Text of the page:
So your company is considering getting into a new area of business, and to do so, it will have to hire a variety of talent. While the launch of the new venture is not a certainty, the prospects of it are enticing, and time is of the essence. Thus, when talking to potential new hires, you want to focus on the positives and the possibilities. As a recent decision from the federal District Court, Bhammer v. Loomis Sayles and Company, Inc., makes clear, however, failing to disclose factors that may affect the viability of the new opportunity can be fraught with peril.
In 2015 Vishal Bhammer was working for a financial services firm in Hong Kong, when Loomis Sayles began to recruit him for a potential new venture called the “Angleton Fund.” At that time, Bhammer lived and worked in Hong Kong, but the Angleton opportunity would require him it to relocate to Singapore. According to Bhammer, various Loomis officials made the following representations to him during the recruitment process:
- The Angleton Fund had an appropriate and well-defined investment process, strategy, and philosophy.
- Loomis was committed to providing the Angleton Fund with the time and resources needed for success.
- Loomis was proceeding slowly and carefully to ensure the successful launch of the fund.
- Loomis was familiar with the challenges posed by the Asian-Pacific market, and it was making a long-term commitment with the Angleton Fund.
Bhammer eventually accepted an offer from Loomis, and after he passed Loomis’s background check, Bhammer said he was told that there was no reason for him to delay giving notice to his then current employer and relocating to Singapore. Accordingly, Bhammer resigned, effective July 5, 2015, and his employment with Loomis was scheduled to begin on July 20, 2015.
On July 16, however, Bhammer was informed that Loomis had decided not to pursue the Angleton Fund, and his job at Loomis no longer existed. In a letter sent to Bhammer, Loomis explained its reasons as follows:
A recent assessment of the fund’s investment process, philosophy and performance led the CIO and others to conclude that the fund could not succeed without significant investments of time and resources to refine and develop the strategy to match Loomis Sayles’ expectations. Loomis management assessed these factors and determined that the likelihood of Angleton successfully creating a differentiated product that met the firm’s risk/return standards and attracted a reasonable asset base was too low.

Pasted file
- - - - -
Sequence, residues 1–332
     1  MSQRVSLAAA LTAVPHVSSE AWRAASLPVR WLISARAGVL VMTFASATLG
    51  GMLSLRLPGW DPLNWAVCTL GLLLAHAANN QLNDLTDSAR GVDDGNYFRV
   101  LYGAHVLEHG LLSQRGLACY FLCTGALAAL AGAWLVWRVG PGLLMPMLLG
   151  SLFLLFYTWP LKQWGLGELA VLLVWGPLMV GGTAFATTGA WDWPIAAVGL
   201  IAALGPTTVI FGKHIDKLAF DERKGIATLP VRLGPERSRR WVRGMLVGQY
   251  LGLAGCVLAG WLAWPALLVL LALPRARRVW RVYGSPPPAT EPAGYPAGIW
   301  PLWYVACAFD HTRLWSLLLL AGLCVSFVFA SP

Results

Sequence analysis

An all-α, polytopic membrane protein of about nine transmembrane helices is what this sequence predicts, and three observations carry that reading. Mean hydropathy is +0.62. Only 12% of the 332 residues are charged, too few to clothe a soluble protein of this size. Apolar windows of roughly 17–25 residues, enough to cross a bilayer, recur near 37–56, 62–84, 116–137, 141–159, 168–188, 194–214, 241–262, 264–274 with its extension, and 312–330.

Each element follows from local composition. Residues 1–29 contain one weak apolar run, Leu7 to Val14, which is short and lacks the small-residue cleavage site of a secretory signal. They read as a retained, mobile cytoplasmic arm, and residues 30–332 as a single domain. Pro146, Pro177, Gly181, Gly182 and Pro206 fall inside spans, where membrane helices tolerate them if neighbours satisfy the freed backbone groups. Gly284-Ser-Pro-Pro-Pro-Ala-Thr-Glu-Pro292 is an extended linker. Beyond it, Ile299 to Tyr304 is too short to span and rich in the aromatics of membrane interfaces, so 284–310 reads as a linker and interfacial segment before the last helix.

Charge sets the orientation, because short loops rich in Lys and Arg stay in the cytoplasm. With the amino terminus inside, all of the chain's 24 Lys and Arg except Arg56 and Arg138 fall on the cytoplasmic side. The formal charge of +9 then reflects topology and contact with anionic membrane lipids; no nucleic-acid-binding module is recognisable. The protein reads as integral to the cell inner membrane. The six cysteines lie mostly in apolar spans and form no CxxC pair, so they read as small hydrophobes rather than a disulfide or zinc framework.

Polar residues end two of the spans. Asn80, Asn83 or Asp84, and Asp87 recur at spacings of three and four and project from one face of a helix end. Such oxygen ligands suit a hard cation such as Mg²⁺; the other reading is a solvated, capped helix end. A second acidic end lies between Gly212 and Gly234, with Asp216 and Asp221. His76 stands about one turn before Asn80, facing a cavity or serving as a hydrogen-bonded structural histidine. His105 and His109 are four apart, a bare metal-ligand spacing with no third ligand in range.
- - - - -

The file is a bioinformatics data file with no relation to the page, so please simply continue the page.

Bhammer sued Loomis, claiming it was liable for misrepresentation, tortious nondisclosure and tortious interference. Loomis countered by moving to dismiss all of those claims, arguing, among other things, that it could not be liable because anything said to Bhammer was in the nature of opinions about potential future events. The federal District Court judge rejected all of Loomis’ arguments, in part based on the following section of the Restatement of Torts:
A party to a business transaction is under a duty to exercise reasonable care to disclose to the other before the transaction is consummated … matters known to him that he knows to be necessary to prevent his partial or ambiguous statement of the facts from being misleading.
In light of this, the court went on to hold that:
Here, at a minimum, the complaint plausibly describes circumstances in which Loomis had a duty to disclose “matters . . . necessary to prevent [its] partial or ambiguous statement of facts from being misleading,” or “subsequently acquired information that [it knew would] make untrue or misleading a previous representation that when made was true or believed to be so.”
In other words, if there are factors that that make a new opportunity risky, tenuous or uncertain, you had better disclose them if you want to avoid being in the position that Loomis now finds itself. Moreover, the court’s rationale in Bhammer appears to apply not just to potential new hires, but also to situations where one is seeking an investor or other business partner. So, the next time your company is trying to convince someone to join in a new business, keep in mind that while true optimism is fine, overstating and withholding important facts can lead to more than just some ruffled feathers.